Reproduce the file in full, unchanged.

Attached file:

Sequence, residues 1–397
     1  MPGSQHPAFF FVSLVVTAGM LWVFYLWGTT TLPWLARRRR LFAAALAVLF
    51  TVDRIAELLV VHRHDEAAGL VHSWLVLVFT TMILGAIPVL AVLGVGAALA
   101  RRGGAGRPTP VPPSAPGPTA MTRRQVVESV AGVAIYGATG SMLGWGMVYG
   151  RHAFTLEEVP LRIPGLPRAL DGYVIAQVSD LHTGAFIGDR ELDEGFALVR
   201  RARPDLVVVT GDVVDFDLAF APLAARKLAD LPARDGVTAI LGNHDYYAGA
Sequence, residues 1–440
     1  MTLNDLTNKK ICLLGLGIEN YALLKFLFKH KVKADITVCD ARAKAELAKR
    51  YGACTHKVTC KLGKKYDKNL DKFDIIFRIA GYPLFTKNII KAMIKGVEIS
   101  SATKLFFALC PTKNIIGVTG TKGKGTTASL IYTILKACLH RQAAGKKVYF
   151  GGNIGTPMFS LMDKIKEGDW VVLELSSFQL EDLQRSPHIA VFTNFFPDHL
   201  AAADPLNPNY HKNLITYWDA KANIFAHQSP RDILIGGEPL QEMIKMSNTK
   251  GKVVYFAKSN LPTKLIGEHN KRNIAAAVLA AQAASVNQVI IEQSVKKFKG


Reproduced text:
Sequence, residues 1–397
     1  MPGSQHPAFF FVSLVVTAGM LWVFYLWGTT TLPWLARRRR LFAAALAVLF
    51  TVDRIAELLV VHRHDEAAGL VHSWLVLVFT TMILGAIPVL AVLGVGAALA
   101  RRGGAGRPTP VPPSAPGPTA MTRRQVVESV AGVAIYGATG SMLGWGMVYG
   151  RHAFTLEEVP LRIPGLPRAL DGYVIAQVSD LHTGAFIGDR ELDEGFALVR
   201  RARPDLVVVT GDVVDFDLAF APLAARKLAD LPARDGVTAI LGNHDYYAGA
Sequence, residues 1–440
     1  MTLNDLTNKK ICLLGLGIEN YALLKFLFKH KVKADITVCD ARAKAELAKR
    51  YGACTHKVTC KLGKKYDKNL DKFDIIFRIA GYPLFTKNII KAMIKGVEIS
   101  SATKLFFALC PTKNIIGVTG TKGKGTTASL IYTILKACLH RQAAGKKVYF
   151  GGNIGTPMFS LMDKIKEGDW VVLELSSFQL EDLQRSPHIA VFTNFFPDHL
   201  AAADPLNPNY HKNLITYWDA KANIFAHQSP RDILIGGEPL QEMIKMSNTK
   251  GKVVYFAKSN LPTKLIGEHN KRNIAAAVLA AQAASVNQVI IEQSVKKFKG